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DU prof was architect behind mid-century modern oasis in Englewood

Arapahoe Acres home

Arapahoe Acres was the first post-WWII subdivision listed as a National Register Historic District. Photo: Wayne Armstrong

The DU School of Architecture and Planning was only around for six years — 1946 to 1952 — but it left its modernist mark on south Denver.

Tucked away in a maze of side streets in Englewood, less than two miles from the DU campus, sits Arapahoe Acres, an astounding group of 124 mid-century modern homes right out of the Frank Lloyd Wright playbook.

The project was conceived in 1949 by Denver developer Edward Hawkins, who bought a 30-acre parcel of land for $5,250. For his architect, Hawkins chose Eugene Sternberg, a Czech-born professor at DU’s architecture school.

“Gene was very interested in this neighborhood for its social engineering,” says Arapahoe Acres resident and historian Diane Wray. “He wanted affordable homes, he was interested in the environmental aspect, and he was also very concerned that the houses be financially accessible to a variety of people, and also people at different stages in their lives.”

In 1998, thanks to Wray’s efforts, Arapahoe Acres became the first post-World War II subdivision listed as a National Register Historic District.

The end of World War II marked a huge housing boom in America. GIs were returning from abroad, wartime restrictions on manufacturing and construction were lifted, and new materials like plastics and synthetic resins were introduced into the market. Eager to capitalize on the trend, the Revere Copper and Brass Co. sponsored a national program encouraging modern design.

Hawkins and Sternberg applied and were accepted, and construction on Arapahoe Acres began in October 1949. The resulting neighborhood is like something out of “The Jetsons” or “77 Sunset Strip”: an oasis of contemporary design in a surrounding sea of middle-American split-levels and Cape Cods. Drawing from the International and Usonian styles — both related to the work of Wright — Arapahoe Acres abodes are all flat roofs, jutting eaves, low angles, large windows, flowing interiors and natural light.

“What’s so cool about Arapahoe Acres is that it’s kind of like driving into a little cocoon, like a time warp,” says Dana Cain (BA ’81), host of the annual Denver Modernism Show. “The street signs, the layout of it — you go in and you’re surrounded by it. It’s not like a lot of places where they have some good examples of mid-century architecture but they’re sitting next to this or that. When you’re in Arapahoe Acres, it’s complete immersion.”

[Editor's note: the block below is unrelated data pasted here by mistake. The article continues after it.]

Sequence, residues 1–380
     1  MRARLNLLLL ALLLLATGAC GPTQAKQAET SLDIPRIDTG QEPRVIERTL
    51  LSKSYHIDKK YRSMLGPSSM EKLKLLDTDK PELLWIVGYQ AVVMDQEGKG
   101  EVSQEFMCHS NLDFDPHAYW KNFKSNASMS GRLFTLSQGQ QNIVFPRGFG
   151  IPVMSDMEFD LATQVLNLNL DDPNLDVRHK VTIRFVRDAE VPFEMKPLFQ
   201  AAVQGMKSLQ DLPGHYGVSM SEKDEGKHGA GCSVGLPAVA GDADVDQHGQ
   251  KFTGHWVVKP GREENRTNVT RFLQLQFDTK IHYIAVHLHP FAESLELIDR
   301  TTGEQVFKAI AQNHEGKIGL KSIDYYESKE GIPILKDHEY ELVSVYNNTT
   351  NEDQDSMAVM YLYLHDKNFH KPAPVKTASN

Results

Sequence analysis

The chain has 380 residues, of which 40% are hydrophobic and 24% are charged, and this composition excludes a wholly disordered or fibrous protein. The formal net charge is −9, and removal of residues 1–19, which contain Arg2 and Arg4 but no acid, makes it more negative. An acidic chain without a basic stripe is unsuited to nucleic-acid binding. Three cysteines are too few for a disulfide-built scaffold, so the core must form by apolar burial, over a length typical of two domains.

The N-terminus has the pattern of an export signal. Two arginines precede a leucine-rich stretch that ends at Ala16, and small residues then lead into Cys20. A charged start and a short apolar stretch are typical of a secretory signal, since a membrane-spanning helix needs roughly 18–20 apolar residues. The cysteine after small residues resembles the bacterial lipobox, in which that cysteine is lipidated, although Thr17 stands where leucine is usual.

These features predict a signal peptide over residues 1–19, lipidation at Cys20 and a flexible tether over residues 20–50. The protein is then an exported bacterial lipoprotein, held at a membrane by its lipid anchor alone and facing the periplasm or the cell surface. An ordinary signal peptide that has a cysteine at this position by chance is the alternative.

The Hawkins-Sternberg partnership didn’t last long: After Hawkins sold a model home for more than the agreed-upon price, Sternberg left the project. About 20 homes in Arapahoe Acres were built on Sternberg’s plans. Hawkins assumed the design of the remaining homes, assisted by Gerry Dion, who had studied under Sternberg at DU.

In her Arapahoe Acres guidebook, Wray writes that the DU School of Architecture and Planning was discontinued in 1952 after the University of Colorado established a school of architecture in its college of engineering.

Modern architecture fell out of favor after the 1950s, due in part to FHA rules that required larger down payments for houses built as part of what the agency considered a fad. But with the recent resurgence of mid-century modern style, Arapahoe Acres has a new cachet among retro-minded Denverites.

“We love living in the house; it’s essentially like living in a piece of art,” says 10-year resident Dave Steers, who started his own business restoring and renovating mid-century homes shortly after moving to Arapahoe Acres. “We know a tremendous amount of people in the neighborhood because we all have the neighborhood in common.”

Even those not lucky enough to live there are welcome to walk, drive or bicycle through — perhaps as part of a south Denver mid-century tour that also includes nearby enclaves Krisana Park, Arapaho Hills and Mile High.

“It’s like a little slice of paradise; it’s a total gem,” Cain says. “I would give anything to live there.”

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